Four foreigners investigating the debris from recent fighting between Sudan and South Sudan have been captured in the Heglig oilfield area, Khartoum's military has said.
Sudan on Saturday said it had arrested a Norwegian, a Briton, a South African and a South Sudanese for illegally entering a disputed border area earlier on Saturday.
The men were accused of helping the South Sudan army, a claim South Sudan has denied.
"We managed today to arrest foreigners; a Briton, a Norwegian, a South Sudanese and a South African," Al-Sawarmi Khalid, a spokesperson for the Sudanese army, said.
"They were arrested inside Heglig area inside the Sudanese borders while they were doing suspicious acts represented by collecting the remains of the war and other war-related works besides holding some military materials.
"They were brought for investigation and all the information will be released later after their interrogation."
Josephine Guerrero, a spokeswoman for the UN mission, said: "Four people, including one UN staff member, were taken to Khartoum." She declined to give any further details.
Al Jazeera's Zeina Khodr, reporting from Khartoum, said that reports are stating the men were staff members of NGOs rather than spies.
"I spoke to a government official last night, who told me that regardless of who these men were or who they worked for, what were they doing on Sudan's territory?" she said, adding that it only goes to confirm the level of distrust between the two nations.
Regarding the level of tension between the two sides, our correspondent said that "in the absence of talks, both sides are using oil, and the economy, to exert pressure."
"At the same time, both sides cannot afford a war."
Jay Ledang, country director for Norwegian People's Aid, told Al Jazeera from Juba that they were seriously concerned that one of their senior mine-action staff had been taken into custody in Khartoum, adding that the circumstances around the incident still cannot be confirmed.
"We have no activities in Heglig so [the claims from Khartoum] are totally nonsense," he said.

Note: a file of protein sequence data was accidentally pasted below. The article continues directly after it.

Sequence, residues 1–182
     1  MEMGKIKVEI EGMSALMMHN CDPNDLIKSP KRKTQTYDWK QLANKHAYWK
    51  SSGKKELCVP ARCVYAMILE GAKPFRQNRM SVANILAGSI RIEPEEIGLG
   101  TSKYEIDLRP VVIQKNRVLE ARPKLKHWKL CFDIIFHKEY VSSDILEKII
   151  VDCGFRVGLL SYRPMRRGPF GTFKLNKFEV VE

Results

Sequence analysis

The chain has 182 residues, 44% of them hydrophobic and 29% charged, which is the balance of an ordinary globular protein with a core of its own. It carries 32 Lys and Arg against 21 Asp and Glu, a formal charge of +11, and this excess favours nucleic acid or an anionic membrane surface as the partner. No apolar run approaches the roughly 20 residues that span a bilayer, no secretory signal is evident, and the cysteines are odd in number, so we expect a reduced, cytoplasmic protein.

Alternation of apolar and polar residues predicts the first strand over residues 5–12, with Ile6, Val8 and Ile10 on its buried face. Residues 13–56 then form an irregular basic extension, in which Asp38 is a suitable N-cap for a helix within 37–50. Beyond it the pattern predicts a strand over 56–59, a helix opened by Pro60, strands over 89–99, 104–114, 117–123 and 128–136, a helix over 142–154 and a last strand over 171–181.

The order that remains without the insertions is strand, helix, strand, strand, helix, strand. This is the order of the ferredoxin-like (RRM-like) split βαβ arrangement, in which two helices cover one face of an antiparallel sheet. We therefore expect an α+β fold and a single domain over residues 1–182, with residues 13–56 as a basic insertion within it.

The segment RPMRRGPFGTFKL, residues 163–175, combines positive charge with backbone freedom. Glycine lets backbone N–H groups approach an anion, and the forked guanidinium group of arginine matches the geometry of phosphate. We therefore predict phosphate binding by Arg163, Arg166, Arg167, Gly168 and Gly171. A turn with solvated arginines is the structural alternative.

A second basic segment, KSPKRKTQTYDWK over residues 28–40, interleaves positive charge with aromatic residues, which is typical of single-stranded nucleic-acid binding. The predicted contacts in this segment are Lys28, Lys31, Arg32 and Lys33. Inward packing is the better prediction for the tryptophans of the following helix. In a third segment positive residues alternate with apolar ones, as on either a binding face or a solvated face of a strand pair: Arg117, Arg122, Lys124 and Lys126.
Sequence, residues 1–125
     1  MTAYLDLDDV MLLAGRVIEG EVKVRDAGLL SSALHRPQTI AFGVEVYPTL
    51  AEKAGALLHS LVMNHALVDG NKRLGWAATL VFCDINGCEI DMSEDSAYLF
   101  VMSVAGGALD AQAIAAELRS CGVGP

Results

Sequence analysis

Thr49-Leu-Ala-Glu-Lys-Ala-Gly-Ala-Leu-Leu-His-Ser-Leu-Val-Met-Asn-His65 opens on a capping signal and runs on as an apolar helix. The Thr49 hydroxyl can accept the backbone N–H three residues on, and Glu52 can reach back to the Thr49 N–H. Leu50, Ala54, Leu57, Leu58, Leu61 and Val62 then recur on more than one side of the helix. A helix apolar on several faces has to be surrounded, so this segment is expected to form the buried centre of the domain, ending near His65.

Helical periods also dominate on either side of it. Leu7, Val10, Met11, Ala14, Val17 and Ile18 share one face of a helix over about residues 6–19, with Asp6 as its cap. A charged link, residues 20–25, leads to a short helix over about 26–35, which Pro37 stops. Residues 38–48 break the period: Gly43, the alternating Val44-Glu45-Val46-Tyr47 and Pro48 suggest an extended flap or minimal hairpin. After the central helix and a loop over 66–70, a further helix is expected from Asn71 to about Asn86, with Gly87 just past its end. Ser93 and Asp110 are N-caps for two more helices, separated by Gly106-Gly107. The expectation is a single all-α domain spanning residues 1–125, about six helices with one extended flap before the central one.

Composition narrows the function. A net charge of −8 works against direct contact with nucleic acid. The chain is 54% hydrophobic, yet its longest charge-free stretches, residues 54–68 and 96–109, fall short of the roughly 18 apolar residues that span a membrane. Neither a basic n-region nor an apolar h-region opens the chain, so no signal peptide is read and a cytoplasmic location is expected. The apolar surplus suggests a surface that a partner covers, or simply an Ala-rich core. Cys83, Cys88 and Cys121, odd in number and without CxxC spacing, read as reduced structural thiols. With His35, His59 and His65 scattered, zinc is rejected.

"[The aid workers] were on the South Sudan side, and doing some quality assurances. What really happened we cannot say," but they did not cross the border, intentionally if this is the case, that is for sure, said Ledang.
A Reuters witness saw four men arriving on a civilian plane at Khartoum's military airport. One of the men was wearing a t-shirt that said: "Norwegian People's Aid. Mine Action South Africa".
Reporters were not allowed to talk to the men who were swiftly driven away in an unmarked white van.
Jan Ledang, the Norwegian People's Aid's South Sudan director, confirmed that one of its staff members had been detained.
|In-depth coverage of North-South strife over border
Al Jazeera's Peter Greste, reporting from Juba, said that he recognised, from the video recording of the arrested, that the arrested man from Norwegian People's Aid was a "deminer".
"We have since spoken to the Norwegian People's Aid who have confirmed that one of their deminers had been arrested along with a number of other demining workers who had been operating in that area," he said.
Greste said that they did not know any more about the circumstances of the arrest but that the organisations involved "insist that they were not on any kind of military mission".
"That they were people with military backgrounds but that they were on a demining project," said Greste.
He also said the deputy director of South Sudan's military intelligence confirmed, "that these men tried to stop the convoy of two military vehicles passing through the frontline areas", but that the "vehicles continued to go through and the men were arrested".
Greste said the deputy director also denied that the men had anything to do with the South Sudanese operation there.
South Sudan's army spokesman Philip Aguer dismissed Sudan's accusation that the men were working with his forces.
"That is rubbish and just a lie," he said, adding that southern military forces told him a UN truck had got lost in the disputed border area and were "caught by the Sudanese Armed Forces".
A British embassy official said the embassy was looking into the matter, while the South African embassy could not be immediately reached.
The UN Security Council on Thursday started talks on a resolution that could allow sanctions against Sudan and South Sudan if they do not meet the AU demands to end their fighting.
A US-drafted resolution backs the AU demands and calls for the two sides to "immediately" halt hostilities and pull their forces back into their own territory.
The text says the Security Council would review the rivals' implementation of AU demands and could "take appropriate additional measures" under article 41 of Chapter VII of the UN charter that allows for sanctions but not military force.